Edward Elgar played an enormous role in the transition between
the romantic era and that of modern music. He was considered one
the greatest composers that England ever produced and his song-like
melodies make his pieces the very delightful. His pieces would go
on to become part of the standard repertoire for orchestras as well
as cellists. His famous Cello Concerto would become the part of the
standard repertoire for any professional cellist for its elegance
Edward Elgar was born on June 2nd, 1857 in a beautiful part of the English countryside. He grew up in Worchester where he had unlimited access to music scores and instruments, being the son a music shop owner. His only formal musical education was the violin lessons he received in his hometown. At the age of fifteen he began to work as a solicitor, but quickly quit this job and became a freelance musician. He learned to play many instruments because of the great availability and in 1882 he took his first job as a violinist in the Birmingham orchestra. He then became an organist a local church.
In 1889, he married into a wealthy family. His wife, Alice Roberts, provided him with the financial support he needed to become a successful composer as well as provide for his family. They moved to London in hopes of boosting his career. This did not work out for him, and they returned to Worcestershire. He took on pupils, but he was only happy when he was composing.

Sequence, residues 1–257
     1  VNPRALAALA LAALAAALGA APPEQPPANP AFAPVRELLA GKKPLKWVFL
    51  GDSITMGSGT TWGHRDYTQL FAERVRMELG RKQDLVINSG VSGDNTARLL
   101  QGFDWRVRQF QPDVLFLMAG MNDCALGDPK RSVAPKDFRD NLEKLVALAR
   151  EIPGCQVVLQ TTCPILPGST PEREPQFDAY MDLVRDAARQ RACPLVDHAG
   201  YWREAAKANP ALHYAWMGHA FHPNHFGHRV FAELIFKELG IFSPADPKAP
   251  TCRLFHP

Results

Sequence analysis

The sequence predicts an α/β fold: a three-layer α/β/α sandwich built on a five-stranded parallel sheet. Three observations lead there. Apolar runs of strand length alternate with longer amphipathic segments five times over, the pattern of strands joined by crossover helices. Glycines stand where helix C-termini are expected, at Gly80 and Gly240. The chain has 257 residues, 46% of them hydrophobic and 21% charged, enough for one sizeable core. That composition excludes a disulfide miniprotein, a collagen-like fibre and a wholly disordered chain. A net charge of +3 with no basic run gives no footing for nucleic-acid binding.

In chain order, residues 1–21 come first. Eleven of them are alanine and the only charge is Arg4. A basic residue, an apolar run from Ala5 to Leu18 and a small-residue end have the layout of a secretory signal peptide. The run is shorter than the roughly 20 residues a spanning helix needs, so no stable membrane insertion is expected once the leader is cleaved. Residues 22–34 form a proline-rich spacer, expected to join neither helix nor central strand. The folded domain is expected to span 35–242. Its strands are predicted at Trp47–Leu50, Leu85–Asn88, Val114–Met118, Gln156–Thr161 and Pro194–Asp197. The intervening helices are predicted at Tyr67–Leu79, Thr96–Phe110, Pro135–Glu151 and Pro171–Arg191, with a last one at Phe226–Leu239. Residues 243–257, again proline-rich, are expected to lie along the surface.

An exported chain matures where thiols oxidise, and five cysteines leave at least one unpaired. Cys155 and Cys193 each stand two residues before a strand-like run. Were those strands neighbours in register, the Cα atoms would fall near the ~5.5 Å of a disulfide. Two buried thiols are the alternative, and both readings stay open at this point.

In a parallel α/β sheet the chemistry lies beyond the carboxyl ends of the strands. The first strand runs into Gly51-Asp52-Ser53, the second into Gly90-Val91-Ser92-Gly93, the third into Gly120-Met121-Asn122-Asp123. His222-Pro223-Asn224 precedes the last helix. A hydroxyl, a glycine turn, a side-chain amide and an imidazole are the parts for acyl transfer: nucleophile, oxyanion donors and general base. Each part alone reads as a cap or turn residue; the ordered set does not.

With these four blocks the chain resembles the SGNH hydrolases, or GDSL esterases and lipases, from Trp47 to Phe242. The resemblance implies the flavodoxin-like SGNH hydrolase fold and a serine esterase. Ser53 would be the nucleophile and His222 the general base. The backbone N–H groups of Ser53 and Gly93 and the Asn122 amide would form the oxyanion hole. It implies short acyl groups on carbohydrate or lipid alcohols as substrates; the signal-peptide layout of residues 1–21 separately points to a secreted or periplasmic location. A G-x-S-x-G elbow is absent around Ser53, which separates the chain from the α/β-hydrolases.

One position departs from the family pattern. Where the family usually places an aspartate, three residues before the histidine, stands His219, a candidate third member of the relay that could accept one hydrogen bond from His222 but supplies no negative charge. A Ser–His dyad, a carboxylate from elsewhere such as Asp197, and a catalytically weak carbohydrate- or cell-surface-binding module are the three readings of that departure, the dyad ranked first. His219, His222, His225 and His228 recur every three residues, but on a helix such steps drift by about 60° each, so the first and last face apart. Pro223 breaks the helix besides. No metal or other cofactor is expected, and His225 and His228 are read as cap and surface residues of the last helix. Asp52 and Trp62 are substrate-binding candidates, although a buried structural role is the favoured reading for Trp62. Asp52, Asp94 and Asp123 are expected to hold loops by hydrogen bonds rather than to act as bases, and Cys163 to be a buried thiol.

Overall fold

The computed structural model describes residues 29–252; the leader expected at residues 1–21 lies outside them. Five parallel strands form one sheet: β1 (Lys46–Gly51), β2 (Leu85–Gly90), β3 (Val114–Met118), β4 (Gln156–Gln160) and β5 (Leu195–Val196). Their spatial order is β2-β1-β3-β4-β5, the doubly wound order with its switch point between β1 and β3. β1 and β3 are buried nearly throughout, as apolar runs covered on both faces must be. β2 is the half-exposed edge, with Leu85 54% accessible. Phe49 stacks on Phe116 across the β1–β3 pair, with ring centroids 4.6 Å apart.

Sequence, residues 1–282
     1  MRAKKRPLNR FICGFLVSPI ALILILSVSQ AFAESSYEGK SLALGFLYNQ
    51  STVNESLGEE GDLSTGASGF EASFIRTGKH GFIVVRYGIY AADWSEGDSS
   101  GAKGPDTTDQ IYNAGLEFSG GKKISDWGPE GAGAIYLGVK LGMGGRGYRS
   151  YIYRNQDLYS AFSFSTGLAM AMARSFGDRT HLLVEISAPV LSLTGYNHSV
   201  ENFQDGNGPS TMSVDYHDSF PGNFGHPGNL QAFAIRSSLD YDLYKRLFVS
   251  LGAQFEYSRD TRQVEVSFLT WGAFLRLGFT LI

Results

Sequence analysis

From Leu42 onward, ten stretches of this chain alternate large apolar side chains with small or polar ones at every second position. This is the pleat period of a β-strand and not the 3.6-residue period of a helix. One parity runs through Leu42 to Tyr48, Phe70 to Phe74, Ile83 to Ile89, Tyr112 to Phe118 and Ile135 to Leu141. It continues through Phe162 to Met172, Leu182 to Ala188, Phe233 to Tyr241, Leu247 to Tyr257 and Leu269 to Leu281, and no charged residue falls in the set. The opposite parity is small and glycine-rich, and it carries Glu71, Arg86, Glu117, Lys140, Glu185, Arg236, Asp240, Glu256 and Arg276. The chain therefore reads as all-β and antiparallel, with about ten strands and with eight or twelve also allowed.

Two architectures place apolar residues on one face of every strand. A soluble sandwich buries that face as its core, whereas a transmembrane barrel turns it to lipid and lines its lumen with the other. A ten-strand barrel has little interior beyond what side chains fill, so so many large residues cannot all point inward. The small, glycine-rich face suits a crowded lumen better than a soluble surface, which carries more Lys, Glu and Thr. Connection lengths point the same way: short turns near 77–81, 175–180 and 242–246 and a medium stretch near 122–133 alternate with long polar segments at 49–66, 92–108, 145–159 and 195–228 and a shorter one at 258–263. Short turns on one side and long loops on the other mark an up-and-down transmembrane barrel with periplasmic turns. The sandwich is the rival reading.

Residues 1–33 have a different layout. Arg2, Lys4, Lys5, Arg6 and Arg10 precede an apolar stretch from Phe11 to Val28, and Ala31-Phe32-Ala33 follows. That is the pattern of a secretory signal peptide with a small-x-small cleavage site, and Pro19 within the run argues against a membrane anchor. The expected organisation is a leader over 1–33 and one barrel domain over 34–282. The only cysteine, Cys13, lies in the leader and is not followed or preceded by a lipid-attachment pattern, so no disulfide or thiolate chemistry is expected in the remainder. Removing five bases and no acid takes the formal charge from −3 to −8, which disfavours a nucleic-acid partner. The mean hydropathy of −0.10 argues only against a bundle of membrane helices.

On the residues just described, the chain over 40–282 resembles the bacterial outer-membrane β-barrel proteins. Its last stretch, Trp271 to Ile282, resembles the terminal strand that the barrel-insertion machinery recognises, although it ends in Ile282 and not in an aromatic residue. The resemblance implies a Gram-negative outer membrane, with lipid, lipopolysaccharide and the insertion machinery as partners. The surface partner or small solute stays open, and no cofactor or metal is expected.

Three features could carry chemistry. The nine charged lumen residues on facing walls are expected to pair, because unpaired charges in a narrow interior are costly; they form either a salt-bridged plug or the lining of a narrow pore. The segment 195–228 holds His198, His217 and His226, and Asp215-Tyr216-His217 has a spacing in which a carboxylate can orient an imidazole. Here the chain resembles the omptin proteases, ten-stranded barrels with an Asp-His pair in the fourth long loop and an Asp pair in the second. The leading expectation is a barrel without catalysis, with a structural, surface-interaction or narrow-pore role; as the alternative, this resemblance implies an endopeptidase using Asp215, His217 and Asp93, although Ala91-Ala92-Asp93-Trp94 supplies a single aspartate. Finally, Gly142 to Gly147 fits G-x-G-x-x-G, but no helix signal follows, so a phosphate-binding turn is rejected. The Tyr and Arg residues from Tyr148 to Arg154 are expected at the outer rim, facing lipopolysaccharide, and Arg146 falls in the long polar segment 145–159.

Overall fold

Finally in the 1890's his career began to look up when his Enigma Variations brought him national prominence. Each movement portrayed a different friend of his, and it truly showed his ability to characterize different moods. The mystery is in the theme that he based the song on. There is still debate today over what theme that was.
In 1900, he finished a great piece known as The Dream of
Gerontius. Although it initially performed horribly, it soon became
a very popular piece. Finally his reputation was cemented with the
release of Pomp and Circumstance Marches. These marches were very
ceremonious and have become widely used at graduation cermonies.
Elgar then went on to compose an expressive Violin Concerto and his
final piece, his Cello Concerto. After his wife died in 1920, he
did not produce anything substantial for the next fourteen years of
his life. Nonetheless, his reputation was already fastened in the
minds of the English. Since his death in 1934, he has remained one
of England's greatest composers.
His Famous Compositions
His notable pieces include Enigma Variations, his Cello
Concerto, Symphonies 1 and 2, Cockaigne, Introduction and Allegro
and his Violin Concerto. He also wrote a Piano Quintet, op. 84, and a
String Quartet, op.
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